We recommend doing the below lessons in this order to build on each skill your child will develop, but don’t feel that you *need* to do them in this order. Do what works for you and your child. If they love an activity, feel free to repeat! Not a winner? Skip and try the next thing. Have fun!
Australia is an island, a country, and a continent. Begin your exploration with this web article from National Geographic’s Kids. Read an overview of the country and watch the video at the bottom of the web page for an introduction to this amazing place.
Activity 1: Map work. Australia lies in the Southern Hemisphere. Its seasons are opposite the seasons in the Northern Hemisphere. Using a map, atlas, or Google Earth, locate Australia on the globe. Next, print this map of Australia. Label each of the six states (New South Wales, Victoria, Queensland, Western Australia, South Australia, and Tasmania) and two territories (the Northern Territory and the Australian Capital Territory). Locate the capital of Australia, Canberra. Each state also has a capital. Label them all on your map. (source)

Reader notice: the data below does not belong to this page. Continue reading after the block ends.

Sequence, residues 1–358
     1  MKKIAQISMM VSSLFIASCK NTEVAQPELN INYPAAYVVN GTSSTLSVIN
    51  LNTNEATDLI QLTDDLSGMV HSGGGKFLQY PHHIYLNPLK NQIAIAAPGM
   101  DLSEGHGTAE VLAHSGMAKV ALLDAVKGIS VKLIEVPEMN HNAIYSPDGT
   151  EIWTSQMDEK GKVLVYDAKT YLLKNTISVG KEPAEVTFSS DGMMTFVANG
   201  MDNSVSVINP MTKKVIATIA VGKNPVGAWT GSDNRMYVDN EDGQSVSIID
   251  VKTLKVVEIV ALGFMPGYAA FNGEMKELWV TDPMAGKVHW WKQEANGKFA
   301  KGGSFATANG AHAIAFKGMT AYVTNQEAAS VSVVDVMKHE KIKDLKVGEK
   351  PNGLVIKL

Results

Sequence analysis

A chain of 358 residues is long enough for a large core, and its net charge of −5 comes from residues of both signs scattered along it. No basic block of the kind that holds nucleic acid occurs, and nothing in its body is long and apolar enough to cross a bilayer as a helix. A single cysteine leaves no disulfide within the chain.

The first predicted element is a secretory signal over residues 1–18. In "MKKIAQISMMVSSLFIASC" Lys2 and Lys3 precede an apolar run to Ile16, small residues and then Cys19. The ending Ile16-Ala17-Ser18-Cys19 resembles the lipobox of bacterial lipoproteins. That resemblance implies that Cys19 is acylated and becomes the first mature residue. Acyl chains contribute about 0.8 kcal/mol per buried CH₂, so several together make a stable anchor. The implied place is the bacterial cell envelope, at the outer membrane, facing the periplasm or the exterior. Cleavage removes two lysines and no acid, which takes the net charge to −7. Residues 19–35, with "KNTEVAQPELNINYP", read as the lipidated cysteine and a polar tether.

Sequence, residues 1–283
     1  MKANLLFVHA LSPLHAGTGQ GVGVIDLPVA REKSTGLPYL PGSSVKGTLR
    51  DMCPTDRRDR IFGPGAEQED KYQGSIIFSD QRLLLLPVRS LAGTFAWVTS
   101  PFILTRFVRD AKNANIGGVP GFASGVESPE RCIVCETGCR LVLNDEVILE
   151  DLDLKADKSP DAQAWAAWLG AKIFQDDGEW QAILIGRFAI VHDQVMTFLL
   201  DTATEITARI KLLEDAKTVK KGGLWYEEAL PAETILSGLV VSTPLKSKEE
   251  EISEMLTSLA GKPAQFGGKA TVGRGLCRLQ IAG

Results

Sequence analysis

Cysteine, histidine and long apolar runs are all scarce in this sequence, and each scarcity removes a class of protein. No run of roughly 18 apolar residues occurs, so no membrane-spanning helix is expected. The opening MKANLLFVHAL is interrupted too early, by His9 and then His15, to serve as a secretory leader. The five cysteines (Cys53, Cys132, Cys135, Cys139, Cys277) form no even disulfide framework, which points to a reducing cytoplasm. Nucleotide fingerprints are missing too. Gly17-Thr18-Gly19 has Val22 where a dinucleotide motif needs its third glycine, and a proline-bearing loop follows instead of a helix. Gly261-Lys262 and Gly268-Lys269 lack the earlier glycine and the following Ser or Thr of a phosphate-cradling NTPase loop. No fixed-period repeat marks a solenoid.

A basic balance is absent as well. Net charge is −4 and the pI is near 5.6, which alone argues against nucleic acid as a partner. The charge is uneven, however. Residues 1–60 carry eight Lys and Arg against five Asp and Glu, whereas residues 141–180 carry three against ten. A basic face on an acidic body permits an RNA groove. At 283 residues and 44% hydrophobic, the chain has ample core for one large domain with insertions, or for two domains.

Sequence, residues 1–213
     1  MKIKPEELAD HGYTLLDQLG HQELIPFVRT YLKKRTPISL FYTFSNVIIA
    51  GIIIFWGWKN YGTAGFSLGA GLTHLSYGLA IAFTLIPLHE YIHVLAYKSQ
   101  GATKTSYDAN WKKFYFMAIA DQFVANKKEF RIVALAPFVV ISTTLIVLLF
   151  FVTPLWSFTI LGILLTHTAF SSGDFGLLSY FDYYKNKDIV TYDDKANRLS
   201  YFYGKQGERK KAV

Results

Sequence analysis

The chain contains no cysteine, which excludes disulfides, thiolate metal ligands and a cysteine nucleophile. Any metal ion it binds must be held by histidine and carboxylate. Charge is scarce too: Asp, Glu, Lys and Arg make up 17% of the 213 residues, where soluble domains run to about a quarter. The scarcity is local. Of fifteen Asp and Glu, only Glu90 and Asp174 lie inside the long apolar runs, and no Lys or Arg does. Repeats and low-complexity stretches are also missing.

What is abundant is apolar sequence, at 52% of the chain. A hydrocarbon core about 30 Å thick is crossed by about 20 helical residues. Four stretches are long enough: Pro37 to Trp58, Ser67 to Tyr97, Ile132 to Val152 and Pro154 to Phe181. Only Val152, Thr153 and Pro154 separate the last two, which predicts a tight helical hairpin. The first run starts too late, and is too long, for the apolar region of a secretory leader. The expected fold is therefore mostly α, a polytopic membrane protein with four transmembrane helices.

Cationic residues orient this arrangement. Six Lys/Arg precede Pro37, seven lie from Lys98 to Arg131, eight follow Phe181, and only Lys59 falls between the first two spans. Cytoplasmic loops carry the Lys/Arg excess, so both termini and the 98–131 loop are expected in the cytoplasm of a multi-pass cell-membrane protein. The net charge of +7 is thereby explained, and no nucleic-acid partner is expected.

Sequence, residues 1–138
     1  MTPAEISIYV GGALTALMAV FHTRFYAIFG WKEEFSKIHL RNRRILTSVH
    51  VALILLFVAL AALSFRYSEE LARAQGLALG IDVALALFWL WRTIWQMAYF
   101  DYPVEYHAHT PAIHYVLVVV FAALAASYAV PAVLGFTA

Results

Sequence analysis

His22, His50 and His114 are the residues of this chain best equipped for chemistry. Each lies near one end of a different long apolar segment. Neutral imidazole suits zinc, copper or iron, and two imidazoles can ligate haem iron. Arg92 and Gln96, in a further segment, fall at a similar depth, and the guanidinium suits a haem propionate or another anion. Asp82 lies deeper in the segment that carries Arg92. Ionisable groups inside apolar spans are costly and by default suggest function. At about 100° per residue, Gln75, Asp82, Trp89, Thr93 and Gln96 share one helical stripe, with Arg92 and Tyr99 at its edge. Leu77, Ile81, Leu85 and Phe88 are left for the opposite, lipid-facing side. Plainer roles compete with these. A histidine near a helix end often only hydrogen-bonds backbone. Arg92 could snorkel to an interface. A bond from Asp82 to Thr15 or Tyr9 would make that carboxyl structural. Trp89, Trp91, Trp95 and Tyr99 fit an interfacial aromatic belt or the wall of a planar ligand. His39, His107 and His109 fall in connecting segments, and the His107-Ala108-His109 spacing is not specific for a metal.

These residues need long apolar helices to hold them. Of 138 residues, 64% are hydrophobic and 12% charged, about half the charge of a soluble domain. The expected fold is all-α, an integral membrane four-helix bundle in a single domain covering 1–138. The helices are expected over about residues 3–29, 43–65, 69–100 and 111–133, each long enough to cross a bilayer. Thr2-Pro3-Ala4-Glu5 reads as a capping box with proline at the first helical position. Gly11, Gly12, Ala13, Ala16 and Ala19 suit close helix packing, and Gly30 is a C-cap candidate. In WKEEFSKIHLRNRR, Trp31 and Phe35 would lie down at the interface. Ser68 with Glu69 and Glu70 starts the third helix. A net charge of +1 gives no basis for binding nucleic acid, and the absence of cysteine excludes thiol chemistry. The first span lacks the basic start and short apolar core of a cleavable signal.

Australia is the world’s flattest continent. Mount Kosciuszko is Australia’s highest peak at 7,310. Find this peak using Google maps and mark it on your map.
Fun Fact! Tasmania is not attached to the rest of Australia. It is 150 miles from the main island.
Activity 2: Geography. Learn about the geographical terms longitude and latitude here using the webpage and the free printable. Review other geographical terms like equator, prime meridian, 45th parallel, northern hemisphere, southern hemisphere, eastern hemisphere, western hemisphere with the help of this downloadable, hands-on lesson. This video will also be helpful.